Generally, the students will be far younger than those participating in other visits - primary schools are often more receptive to visits in remote areas. This is sometimes to do with school attendance beginning to drop off in high school.
In some remote Indigenous communities, English may be a second language or rarely spoken at all.
As the kids are likely to be younger, the objective of the workshop needs adjustment - often focusing less on careers and more on health promotion in general.
Encouragement to stay in school for as long as possible - for their own education and for the whole community.
Increasing trust of ‘white’ health workers in community.
Increased interaction with healthcare through exposure to health workers in a non-intimidating, interactive and fun way.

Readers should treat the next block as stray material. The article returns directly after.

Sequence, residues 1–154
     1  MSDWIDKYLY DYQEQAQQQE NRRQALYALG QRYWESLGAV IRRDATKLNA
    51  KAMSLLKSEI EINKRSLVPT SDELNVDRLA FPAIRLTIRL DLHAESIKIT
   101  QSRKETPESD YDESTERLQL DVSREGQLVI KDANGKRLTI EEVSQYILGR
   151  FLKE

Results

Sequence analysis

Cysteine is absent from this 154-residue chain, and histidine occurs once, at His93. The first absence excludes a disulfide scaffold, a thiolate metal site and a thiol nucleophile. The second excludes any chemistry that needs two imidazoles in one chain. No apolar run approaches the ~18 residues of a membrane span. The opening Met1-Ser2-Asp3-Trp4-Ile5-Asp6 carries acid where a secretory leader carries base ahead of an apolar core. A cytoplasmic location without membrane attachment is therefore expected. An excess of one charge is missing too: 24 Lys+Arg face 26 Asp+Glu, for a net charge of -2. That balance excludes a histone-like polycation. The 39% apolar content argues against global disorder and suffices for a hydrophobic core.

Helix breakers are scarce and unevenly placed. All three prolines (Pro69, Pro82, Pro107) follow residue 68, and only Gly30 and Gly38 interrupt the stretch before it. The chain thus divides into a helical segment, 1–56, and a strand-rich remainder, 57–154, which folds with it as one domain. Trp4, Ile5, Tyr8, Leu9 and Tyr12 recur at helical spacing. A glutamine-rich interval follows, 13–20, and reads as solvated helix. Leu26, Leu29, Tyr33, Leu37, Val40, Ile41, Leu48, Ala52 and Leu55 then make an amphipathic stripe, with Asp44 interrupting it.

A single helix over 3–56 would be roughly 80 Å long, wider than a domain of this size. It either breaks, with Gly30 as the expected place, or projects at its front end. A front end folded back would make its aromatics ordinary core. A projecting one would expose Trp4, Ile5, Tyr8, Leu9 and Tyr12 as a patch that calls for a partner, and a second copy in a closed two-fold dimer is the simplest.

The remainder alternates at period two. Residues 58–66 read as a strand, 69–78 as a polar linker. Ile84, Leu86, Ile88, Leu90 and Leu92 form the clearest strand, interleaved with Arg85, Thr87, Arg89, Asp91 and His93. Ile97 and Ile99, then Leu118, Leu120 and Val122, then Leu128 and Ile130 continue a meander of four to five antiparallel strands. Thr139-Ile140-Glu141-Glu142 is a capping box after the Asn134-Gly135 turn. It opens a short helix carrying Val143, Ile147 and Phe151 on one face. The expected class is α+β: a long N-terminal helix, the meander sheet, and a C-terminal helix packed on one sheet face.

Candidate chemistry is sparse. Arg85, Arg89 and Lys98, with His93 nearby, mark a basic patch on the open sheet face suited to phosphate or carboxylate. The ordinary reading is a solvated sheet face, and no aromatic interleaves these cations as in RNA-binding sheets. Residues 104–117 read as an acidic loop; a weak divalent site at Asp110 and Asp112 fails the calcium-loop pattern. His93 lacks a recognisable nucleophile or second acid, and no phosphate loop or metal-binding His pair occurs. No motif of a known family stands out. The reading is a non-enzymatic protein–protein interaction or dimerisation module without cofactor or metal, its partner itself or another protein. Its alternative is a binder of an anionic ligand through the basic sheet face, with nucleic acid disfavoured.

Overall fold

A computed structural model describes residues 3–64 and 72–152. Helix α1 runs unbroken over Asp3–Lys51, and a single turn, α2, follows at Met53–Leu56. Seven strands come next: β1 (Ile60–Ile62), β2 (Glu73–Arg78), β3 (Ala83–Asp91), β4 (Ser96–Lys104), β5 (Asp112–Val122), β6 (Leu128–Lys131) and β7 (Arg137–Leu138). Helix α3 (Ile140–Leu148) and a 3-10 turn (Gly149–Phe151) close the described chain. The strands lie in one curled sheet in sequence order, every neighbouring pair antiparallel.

Promoting healthy choices.
Younger kids don’t sit still for long! Use mostly hands-on activities to really make good use of your time and interact with the students in smaller groups (easier to keep a handle on).
It might be more appropriate to split into male-female only groups - discuss with the teacher or school (ideally beforehand so you can bring the right volunteers!)
Evaluation forms might be a bit tricky with younger kids - maybe adjust it to a picture-based form or help the kids complete it at the end or obtain verbal feedback and note it down.